The first few phases honestly were very intriguing to me. The plot line surrounding the Twilight’s Hammer cult and their infiltration of the cities was probably the best part of the whole event honestly. There was a sense of intrigue and instability. I did the quests first on my horde alts, and I was honestly concerned that by the end of the whole thing, Garrosh was going to pull out martial law on the city. He didn’t. Why? ‘Cause Garrosh is my boy! But honestly, it was a fascinating trial that played out with much less intrigue on the Alliance side I’m sad to say. It was the same thing but with none of the risk. I mean, while there are people who don’t like Varian for one reason or another, but it’s nothing compared to the sheer animosity that people have for Garrosh (So much that I was shocked to find that I was not the only one who voted for him in the Warchief Election.) So how this whole thing shook down on the Horde side could very well color a good deal of the Horde’s feelings in Cataclysm. I mean, not everyone is going to forgive Garrosh. Probably not ever. Mostly because he is not real, and because, well, haters gonna hate.
The lead up quests did a magnificent job of setting the tone of both the fear and concern of the people of the Horde and Alliance. When facing dire times, there will be those who panic, those who become outraged and those who search for solutions… regardless of where they come from. The people who joined the doomsday cults were not bad people. They saw a way out and they took it. The Twilight’s Hammer is no longer a faceless, nameless enemy. They are us. Well, most of us. Try as I could, I didn’t find any gnomes wandering about in Doom & Gloom chic.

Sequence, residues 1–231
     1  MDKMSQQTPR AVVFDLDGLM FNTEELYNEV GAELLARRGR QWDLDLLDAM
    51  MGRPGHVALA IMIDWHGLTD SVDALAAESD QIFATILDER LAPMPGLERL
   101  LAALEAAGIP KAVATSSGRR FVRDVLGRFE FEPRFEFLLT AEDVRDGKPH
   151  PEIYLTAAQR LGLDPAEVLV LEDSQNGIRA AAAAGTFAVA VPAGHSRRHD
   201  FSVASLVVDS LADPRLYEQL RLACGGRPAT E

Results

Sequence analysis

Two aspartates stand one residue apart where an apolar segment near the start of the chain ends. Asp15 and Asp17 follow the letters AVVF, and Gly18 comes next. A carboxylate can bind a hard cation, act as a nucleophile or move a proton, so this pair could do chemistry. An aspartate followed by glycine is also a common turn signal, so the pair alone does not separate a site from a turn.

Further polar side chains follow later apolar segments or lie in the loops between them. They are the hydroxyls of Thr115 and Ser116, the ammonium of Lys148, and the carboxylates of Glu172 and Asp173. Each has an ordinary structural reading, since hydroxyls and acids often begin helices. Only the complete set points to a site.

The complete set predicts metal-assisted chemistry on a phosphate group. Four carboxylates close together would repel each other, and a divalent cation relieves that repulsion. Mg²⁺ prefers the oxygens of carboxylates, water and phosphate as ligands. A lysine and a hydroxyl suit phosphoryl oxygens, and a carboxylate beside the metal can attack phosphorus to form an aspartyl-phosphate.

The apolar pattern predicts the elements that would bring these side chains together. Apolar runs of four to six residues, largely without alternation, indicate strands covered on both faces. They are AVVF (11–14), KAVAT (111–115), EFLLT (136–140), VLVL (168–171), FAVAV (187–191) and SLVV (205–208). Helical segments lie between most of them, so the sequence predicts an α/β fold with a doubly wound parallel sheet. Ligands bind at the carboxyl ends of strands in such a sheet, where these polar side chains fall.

The quests also set a tone of inevitability. You tried to stop the devices, they still got in. You tried to stop the cultists at the gate, they still infiltrated the city walls. You tried to stop the rituals, and the invasion still came. Ultimately, try as you might, the Shattering is going to happen. The world is going to be changed forever. Deathwing IS coming. These quests were a perfect summary of that kind of mentality.
The Invasion Was Epic
I remember noticing a sudden change in the weather while walking the streets of Stormwind. Like a shadow cast across the cobblestone and yet there was an otherworldly brightness to this engulfing darkness. It was followed by a crack of thunder and a peel of lightning and as the rain started to fall, panic engulfed the city. The guards began to pile up sandbags and fortifications, the heroes of Azeroth gathered in the Trade District knowing that the very thing they had tried to stop had come to pass. The Elemental Invasion had begun. It was really exciting to see it all come together. There was a real chill down the spine moment as you saw people rushing to evacuate the city and seeing dozens of players rushing about the city to repel the invaders is a pretty awesome sight and it really reminded me of the demon attacks that lead up to the Burning Crusade expansion, minus the piles and piles of dead low level players at the feet of Highlord Kruul.
There was a real sense of suspense in the invasion, especially after the first day when no one was sure exactly how often the invasion would occur. A sense of unpredictability fell upon many players that didn’t know when the next attack would come. However, this unpredictability fell quickly to the side as the pattern was figured out. Which brings me to a big issue I had with the entire event.
Following The Script
I’ve long thought of the elements themselves as a strange duality of balance and chaos. They make up everything and anything, and at the same time they are foreign, unknown and unpredictable. And if there is one word to describe this entire event, it certainly was not unpredictable. Everything happened on a script. The elementals spawned in zones on a set routine, almost on the hour every hour. The invasion of the cities ran on its own clock and showed up every couple of hours reliably. The quests were naturally scripted as all quests were, there was no random spawns or surprises beyond the initial introduction of a new phase. The entire thing was the epitome of ‘see it once, don’t need to see it again.’